Diecast models of South-east Asian public transport vehicles

07 January 2011
imports_CCGB_dsc-3119_19938.jpg Diecast models of South-east Asian public transport vehicles
David Wright remembers the interesting vehicles and their diecast counterparts from his latest holiday. ...
Diecast models of South-east Asian public transport vehicles Images

Taxi, please! - Travelling South-east Asian style

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Do you know how it is for us model car enthusiasts as we tour around in countries and cities new to us? Well, we spot all the different cars that are not found in the UK! Sound familiar?

The Thai tuk tuk
On my recent visit to Thailand, both to Bangkok and other cities, I was warned off the tuk tuks as they were called a ‘rip off’.

So, intrigued, I avoided the ride, but began checking out the details, the background history and their modus operandi!

It seems that, collectively, they are part of the auto rickshaw family and are variously known as tuk tuk, trishaw, auto, rick, autorick or rickshaw according to which country you are visiting.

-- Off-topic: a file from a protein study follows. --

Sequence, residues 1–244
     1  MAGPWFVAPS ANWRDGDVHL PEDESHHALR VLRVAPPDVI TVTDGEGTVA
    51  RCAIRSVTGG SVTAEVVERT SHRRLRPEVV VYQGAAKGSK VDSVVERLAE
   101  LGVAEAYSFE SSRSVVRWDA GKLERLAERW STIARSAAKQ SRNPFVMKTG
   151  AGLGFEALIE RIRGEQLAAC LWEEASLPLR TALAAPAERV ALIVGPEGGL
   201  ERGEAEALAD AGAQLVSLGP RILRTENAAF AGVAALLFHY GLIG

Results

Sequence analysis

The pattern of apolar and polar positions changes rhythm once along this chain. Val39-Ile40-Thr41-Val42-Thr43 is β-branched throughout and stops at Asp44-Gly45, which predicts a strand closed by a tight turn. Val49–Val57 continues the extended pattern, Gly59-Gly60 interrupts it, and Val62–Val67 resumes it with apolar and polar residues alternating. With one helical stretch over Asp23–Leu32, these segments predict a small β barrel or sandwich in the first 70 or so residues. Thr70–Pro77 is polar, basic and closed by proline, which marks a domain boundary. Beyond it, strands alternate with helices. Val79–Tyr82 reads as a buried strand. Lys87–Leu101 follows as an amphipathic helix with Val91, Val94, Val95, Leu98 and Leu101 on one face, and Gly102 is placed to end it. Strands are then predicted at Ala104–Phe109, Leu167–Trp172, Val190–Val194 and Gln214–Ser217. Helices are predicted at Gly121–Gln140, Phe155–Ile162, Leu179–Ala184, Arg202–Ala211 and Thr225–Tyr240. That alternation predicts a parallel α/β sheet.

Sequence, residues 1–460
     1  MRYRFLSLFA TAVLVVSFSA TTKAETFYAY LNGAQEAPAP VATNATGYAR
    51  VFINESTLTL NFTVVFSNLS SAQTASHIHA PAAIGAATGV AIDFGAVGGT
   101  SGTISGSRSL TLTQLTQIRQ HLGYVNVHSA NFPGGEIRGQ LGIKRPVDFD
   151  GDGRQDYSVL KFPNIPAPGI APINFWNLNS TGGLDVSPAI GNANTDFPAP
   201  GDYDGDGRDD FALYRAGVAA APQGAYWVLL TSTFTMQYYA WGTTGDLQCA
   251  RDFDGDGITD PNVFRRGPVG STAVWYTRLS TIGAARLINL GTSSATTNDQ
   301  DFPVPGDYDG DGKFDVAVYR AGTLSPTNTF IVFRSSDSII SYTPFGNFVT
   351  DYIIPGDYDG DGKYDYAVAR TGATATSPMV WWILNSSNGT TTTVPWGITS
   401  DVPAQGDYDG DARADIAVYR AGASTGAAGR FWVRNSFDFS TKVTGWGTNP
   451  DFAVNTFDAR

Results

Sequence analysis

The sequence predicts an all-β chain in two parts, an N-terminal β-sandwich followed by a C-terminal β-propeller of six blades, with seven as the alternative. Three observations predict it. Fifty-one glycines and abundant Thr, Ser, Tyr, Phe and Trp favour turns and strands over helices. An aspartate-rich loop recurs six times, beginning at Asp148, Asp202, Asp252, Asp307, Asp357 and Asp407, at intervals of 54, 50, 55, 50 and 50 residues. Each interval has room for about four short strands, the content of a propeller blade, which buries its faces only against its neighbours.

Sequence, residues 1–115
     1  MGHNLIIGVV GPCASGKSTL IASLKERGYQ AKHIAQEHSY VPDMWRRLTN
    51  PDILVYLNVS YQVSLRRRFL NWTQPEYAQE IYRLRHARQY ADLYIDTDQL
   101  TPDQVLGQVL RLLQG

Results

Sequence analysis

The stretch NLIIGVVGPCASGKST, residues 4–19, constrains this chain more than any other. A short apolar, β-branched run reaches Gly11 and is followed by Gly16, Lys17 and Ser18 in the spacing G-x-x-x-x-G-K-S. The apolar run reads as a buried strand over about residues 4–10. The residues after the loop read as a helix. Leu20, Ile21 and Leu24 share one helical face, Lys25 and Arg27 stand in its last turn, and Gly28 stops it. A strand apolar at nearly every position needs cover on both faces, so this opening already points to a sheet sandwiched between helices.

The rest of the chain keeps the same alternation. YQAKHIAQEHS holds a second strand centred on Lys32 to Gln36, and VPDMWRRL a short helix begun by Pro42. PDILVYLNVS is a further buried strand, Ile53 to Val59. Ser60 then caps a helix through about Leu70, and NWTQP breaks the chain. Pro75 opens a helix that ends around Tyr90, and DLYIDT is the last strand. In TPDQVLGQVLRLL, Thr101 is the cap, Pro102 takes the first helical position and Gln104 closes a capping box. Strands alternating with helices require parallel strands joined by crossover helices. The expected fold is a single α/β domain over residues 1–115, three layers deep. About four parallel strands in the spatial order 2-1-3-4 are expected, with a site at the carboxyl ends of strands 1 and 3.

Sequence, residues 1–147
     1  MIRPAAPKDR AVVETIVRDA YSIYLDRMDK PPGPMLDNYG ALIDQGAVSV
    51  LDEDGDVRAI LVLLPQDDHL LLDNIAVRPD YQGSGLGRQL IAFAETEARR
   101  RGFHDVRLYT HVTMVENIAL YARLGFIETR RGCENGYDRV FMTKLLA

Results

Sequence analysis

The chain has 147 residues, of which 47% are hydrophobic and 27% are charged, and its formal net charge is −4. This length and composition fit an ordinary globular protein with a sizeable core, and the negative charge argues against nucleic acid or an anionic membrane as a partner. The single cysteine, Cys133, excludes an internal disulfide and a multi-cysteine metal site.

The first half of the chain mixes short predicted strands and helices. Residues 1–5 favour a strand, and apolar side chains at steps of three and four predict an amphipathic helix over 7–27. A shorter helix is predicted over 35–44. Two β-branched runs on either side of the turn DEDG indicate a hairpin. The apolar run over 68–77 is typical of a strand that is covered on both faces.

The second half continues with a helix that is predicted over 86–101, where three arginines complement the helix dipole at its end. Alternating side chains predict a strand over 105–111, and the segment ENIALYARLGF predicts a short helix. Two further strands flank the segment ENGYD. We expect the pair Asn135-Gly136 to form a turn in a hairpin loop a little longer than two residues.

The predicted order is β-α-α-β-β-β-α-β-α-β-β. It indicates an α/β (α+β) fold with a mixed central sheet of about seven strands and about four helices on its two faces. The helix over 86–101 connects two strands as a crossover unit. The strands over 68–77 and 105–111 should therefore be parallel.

The tuk tuk gets its name from the rhythmic beat of its solid little two-stroke engine. It’s operated for both private use and as a vehicle for hire.

Auto rickshaws can be found in many Asian countries such as Bangladesh, Cambodia, India, Laos, Pakistan, Sri Lanka and Thailand as well as some African countries such as Ethiopia and in some parts of Egypt.

An auto rickshaw is usually characterised by a sheet-metal body or open frame resting on three wheels, a canvas roof with drop-down sides, a small cabin in the front of the vehicle for the driver – sometimes called an ‘auto-wallah’ – and seating space for up to three passengers (in theory!) in the rear.

They are generally fitted with an air-cooled scooter version of a two-stroke engine, with handlebar controls instead of a steering wheel. Many auto rickshaws follow the original design of the Piaggio Ape C, from 1956, which was based on the Vespa.
In Thailand, as elsewhere, modern saloon cars perform taxi duties, yet it seems the tuk tuk has a special place for adventurous tourists.

*This is an excerpt of the article 'Taxi, please! - Travelling South-east Asian style' first published in Diecast Collector's February issue. To see which issues of Diecast Collector are available to buy online, click here.

*Diecast Collector is a monthly magazine which focuses on all types of diecast models from Dinky Toys to Oxford Diecast